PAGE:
In the run up to Christmas, businesses focus marketing efforts towards a seasonal surge and much of that shopping is taking place online. During Christmas 2015 retailers saw £24.4 billion spent online – a 12% annual increase on the previous year, according to the IMRG Capgemini e-Retail Sales Index.

IMRG Capgemini has predicted a further 11% growth for 2016. Black Friday saw a significant shift towards online spending, with the number of shoppers falling by 7% on the high street and 5% at shopping centres compared to 2015, while online sales rose by up to 25%.

New Year traditionally presents a challenge for businesses in many sectors aiming to attract and retain cash-strapped consumers. This looks set to be particularly the case in early 2017 as a number of analysts have suggested that retailers in particular held down prices in the run up to Christmas, with price rises likely in the New Year.

Businesses face a pressing need to ensure revenue streams continue beyond Christmas and New Year. It is no longer enough to send out generic offers and rewards to the entire customer or prospect base. Here is a three-step strategy that can boost digital marketers’ New Year results and make sure that customers are not just for Christmas but are for life:

1. Reward with immediacy

Design New Year marketing to maximise ALL the new business leads that came in during the Christmas period. This is not necessarily limited to customers who actually bought items from you, but may also include potential customers who contacted you with enquiries or abandoned their carts. Instant digital rewards work well to convert one-off Christmas shoppers into regulars.

2. Empower a choice of rewards

Digital rewards designed to attract and retain customers need not be limited to money-off codes. Instead offer new customers and returning customers a portfolio of rewards that they can choose from, without necessarily collecting points over many months. At the same time, align customer rewards with the brand. If your organisation is targeting Millennials, for example, make sure that initial marketing and subsequent rewards reflect this demographic. For example, a life insurance company might target young customers with the offer of a free coffee in exchange for some interaction with their life insurance offer.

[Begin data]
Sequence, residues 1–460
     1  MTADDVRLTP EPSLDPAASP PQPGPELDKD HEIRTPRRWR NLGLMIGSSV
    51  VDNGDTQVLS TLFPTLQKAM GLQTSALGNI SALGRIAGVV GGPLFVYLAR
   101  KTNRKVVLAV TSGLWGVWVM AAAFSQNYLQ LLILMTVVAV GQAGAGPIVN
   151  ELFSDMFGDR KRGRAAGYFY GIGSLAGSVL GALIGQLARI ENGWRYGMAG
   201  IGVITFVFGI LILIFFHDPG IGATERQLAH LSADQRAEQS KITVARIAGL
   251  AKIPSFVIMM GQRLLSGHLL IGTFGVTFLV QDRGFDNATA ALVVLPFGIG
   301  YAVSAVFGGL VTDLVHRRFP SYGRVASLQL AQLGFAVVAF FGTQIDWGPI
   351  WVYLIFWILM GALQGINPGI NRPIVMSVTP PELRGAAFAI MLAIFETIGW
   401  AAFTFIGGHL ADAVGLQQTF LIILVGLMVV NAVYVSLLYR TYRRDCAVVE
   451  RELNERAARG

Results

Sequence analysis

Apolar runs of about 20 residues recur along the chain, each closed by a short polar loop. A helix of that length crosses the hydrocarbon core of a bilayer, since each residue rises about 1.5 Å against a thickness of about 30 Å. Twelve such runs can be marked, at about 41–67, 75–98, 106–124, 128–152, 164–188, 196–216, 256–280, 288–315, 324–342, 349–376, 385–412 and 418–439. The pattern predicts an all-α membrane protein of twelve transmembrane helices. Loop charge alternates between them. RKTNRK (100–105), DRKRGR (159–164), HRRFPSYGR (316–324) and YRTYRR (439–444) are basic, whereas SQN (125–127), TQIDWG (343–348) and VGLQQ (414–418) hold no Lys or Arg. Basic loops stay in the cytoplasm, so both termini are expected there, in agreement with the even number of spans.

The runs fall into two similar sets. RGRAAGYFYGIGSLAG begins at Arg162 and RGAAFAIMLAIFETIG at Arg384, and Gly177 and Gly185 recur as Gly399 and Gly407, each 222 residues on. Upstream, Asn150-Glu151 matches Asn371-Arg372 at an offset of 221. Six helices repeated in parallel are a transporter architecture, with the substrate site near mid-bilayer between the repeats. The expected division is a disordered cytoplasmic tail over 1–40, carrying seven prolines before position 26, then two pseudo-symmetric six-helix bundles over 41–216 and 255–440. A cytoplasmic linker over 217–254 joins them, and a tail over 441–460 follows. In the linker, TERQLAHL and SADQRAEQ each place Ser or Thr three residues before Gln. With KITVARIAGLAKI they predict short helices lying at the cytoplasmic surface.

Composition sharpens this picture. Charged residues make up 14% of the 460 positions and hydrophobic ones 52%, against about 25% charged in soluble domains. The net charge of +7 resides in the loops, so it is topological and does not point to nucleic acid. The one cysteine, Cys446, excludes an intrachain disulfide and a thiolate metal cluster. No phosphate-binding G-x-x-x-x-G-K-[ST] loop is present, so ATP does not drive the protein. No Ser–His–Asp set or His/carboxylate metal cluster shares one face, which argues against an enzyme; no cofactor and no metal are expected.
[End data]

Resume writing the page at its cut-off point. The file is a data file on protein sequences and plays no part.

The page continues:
Digital marketing and associated customer reward schemes are also most effective when they are closely tailored to demographic groups – even, ideally, personalised to individual customers. In January, the most effective reward schemes will be those that have an element of ‘endowed progress’ – an effect whereby ‘people provided with artificial advancement toward a goal exhibit greater persistence toward reaching the goal’. In other words, if you issue them with a few extra loyalty points up front in the New Year, they will be motivated to stay with you and achieve the points total they need for the reward of their choice.

3. Share the love

Use digital customer rewards to incentivise reviews and online referrals. Review platforms have a very powerful impact on customer acquisition – highly positive online shares generate a 9.5% increase in purchase intent. At the same time never forget that the most effective brand advocates will be people who feel they have an emotional connection with your organisation. Empower individual employees to respond in a human and open manner on social media and to take responsibility for issuing small customer rewards where appropriate. If these rewards are tailored to the individual customer, all the better.

Banish the post-Christmas blues

Retailers are perhaps most affected by the post-Christmas slump. However many other sectors, from finance to utilities, depend on a steady stream of new business and could benefit from a fresh look at marketing in the New Year period. Market leaders must use the flexibility and adaptability of the latest technology to measure the success of their digital initiatives and adapt their activities according to the results they are getting, perhaps even on a weekly or daily basis. Artificial intelligence and data analytics technologies can provide an increasingly detailed picture of the buying habits, and likes and dislikes, of each individual consumer as well as granular information about how your marketing is doing.

A quarterly review, when the Christmas and New Year period is history, will come too late for the organisation to make the necessary tweaks for the season. If this sounds like your organisation, it would be worth spending time during quieter periods in 2017 planning for how the organisation will respond to customer and sales data in a timelier manner in the future.

Customer acquisition is becoming more challenging in a very competitive digital marketplace. It is key not only to use Christmas marketing to attract new customers but also to ensure that this is followed up effectively in the New Year. January 2017 looks set to be uniquely challenging and effective incentives could prove critical to an organisation's future.

By Adam Whatling, head of engagement and development at Love2shop Business Services

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